It seems as though we as society can never truly learn to view things in a practical manner. By seeing objects in a practical view takes away the interesting aspect of it in turn making it dull. American culture being what it is, does not interest itself in dull matters; it has to pop and be interesting in all matters of the topic. This is the main reason why main media television broadcast typically like to report more sad or horrific new because it would bring in higher ratings. All these are factors to what I like to call “the machete effect”, from John Cline’s “What is a machete anyway?” it talks about how the machete used to be seen as a tool for farming and landscaping but over time as culture developed it became a symbol of terror and fear.
Historically it was shaped into the weapon as revolts and revolution from pheasants and slaves.
Nowadays through entertainment media such as action and horror movies to portray as weapon. But why does a machete have such an imposing image of weapons and fear for a simple farm tool? How is it any different to a crowbar or screw driver that can equally be used as weapons? It’s not but through popular culture and media it became easily subject-able to any form that society would give it.
As for my writing is concerned this analysis of the machete effect will give me proper insight to my quilt analysis and essay. For one polarities are extremely important when it come to any analysis of an object. Even though certain object can seem to have one concrete concept in reality it has a significant weighing concept with several insignificant ideas along with them. This Prown ideal will allow me to grab a more broadened horizon when it comes to analyzing data, relics, and primary sources. Through this it will make me write a more representative piece instead of just having such a provincial view on my topics and writing.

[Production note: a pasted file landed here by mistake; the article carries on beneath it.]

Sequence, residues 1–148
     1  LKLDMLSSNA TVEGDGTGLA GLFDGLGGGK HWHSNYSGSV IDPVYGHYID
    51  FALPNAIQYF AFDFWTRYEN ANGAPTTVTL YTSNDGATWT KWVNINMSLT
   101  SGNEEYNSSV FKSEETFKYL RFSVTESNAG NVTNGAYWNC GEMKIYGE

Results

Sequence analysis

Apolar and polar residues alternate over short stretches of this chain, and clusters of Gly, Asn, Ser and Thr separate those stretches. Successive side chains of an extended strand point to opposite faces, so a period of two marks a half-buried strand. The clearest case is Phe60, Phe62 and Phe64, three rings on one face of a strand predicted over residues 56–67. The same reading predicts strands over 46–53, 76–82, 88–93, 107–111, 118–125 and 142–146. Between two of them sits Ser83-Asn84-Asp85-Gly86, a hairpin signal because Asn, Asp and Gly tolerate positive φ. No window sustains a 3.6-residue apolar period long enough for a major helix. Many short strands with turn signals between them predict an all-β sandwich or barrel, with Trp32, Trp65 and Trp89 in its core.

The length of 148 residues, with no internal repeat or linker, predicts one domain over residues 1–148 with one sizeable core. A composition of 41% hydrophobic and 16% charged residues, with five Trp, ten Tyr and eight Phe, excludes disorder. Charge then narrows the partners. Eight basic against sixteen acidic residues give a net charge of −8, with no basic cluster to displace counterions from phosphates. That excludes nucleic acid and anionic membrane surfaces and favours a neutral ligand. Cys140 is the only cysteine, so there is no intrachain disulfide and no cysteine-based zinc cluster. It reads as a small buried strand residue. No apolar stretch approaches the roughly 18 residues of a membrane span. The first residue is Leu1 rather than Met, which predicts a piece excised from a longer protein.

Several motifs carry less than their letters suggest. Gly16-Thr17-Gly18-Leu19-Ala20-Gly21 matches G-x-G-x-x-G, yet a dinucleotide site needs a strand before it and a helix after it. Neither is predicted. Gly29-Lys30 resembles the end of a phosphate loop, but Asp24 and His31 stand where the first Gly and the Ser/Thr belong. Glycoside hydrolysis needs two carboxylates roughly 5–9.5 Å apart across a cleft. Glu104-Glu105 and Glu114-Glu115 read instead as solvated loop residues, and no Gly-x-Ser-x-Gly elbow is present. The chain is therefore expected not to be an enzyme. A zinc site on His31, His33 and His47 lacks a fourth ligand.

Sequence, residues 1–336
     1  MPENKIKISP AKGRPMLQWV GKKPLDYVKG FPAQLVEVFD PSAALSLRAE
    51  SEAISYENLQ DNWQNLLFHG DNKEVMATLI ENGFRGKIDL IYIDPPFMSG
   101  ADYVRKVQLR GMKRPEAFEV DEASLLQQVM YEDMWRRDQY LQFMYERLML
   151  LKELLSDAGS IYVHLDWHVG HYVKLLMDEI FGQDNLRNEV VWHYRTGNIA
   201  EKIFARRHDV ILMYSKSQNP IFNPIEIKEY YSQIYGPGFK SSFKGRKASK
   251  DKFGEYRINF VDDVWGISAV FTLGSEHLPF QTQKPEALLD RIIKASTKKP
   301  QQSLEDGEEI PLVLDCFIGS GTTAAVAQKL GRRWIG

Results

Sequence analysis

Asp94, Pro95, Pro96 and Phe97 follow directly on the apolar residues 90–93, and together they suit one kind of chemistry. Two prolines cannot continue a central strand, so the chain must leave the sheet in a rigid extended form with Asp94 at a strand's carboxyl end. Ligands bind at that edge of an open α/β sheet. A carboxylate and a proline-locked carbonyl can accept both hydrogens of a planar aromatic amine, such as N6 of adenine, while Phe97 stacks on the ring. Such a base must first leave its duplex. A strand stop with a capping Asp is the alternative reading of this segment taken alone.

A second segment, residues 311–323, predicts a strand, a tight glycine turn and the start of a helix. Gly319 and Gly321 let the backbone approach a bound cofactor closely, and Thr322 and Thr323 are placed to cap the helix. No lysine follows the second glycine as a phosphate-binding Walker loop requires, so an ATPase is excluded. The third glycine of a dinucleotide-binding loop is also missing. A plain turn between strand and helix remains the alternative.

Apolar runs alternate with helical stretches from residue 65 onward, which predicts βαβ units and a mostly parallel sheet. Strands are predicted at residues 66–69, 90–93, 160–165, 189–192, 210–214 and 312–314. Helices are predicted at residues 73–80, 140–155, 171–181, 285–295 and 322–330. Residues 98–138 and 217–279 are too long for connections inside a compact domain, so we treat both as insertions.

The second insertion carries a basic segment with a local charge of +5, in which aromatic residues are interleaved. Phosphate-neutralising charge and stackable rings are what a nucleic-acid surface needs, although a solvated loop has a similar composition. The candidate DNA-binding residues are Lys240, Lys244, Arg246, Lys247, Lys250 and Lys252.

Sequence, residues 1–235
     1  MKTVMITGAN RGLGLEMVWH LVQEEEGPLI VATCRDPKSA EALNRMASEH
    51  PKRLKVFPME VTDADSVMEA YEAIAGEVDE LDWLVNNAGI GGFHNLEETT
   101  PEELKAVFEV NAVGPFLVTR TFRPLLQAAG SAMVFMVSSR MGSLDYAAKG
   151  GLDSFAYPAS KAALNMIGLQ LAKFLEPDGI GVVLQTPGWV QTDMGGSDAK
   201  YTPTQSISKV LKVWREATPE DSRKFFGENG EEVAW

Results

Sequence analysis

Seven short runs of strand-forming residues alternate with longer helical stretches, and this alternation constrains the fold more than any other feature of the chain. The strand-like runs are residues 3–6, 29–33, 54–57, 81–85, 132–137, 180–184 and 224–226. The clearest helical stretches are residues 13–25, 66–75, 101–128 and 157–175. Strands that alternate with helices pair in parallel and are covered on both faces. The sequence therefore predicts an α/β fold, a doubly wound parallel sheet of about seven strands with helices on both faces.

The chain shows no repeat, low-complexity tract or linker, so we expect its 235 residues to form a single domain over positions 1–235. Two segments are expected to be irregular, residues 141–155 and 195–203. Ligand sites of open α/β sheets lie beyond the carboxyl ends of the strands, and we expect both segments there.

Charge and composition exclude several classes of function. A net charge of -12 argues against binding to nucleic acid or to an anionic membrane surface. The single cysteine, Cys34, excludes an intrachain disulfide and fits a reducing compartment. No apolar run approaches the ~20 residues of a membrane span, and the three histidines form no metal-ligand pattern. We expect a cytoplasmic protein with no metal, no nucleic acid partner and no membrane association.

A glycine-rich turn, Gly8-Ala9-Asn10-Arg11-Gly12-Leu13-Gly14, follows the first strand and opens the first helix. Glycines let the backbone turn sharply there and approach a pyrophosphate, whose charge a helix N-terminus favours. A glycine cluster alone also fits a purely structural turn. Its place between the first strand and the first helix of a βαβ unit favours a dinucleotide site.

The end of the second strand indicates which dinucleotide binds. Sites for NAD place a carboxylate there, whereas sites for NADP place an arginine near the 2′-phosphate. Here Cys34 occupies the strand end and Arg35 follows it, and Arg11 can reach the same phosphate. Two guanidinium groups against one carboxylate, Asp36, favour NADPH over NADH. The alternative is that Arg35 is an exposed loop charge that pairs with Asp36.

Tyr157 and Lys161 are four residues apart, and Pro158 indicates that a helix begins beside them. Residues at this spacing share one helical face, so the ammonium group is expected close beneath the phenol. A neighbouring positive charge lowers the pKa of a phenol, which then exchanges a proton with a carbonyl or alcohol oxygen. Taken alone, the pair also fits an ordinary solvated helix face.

Then using a more personalized emotional connection to allow the reader to better comprehend the ideas I had in mind. By doing creating a personalized message to the audience it will act as a median from my work to reader and my ideas will come off more clear and concrete. Cline this is fantastically bringing in both a dark sided ton of slavery and pheasant revolt as well as bringing his own personal background into it. He wrote an intellectual piece but manages to bring out a pathos style of writing to persuade us of topic and ideas. I could adapt my own background into the writing itself, heavy topics of immigration, racism, stereotypes, and social class devision run deep in my roots and these are popular subjects that many can relate to.
The hardest part of this analysis was trying to properly connect Haltman and Prown’s text to the notes. Seeing the connection were easy enough but to put those into concrete and crisp ideas and then to imply Haltman’s post with it was quite the challenge. Also there was a certain way that Cline wanted the reader to think so there was a certain point of view required in order to correctly analyze the text. None the less the reading did provide me with better insight to make my writing more effective with the reader.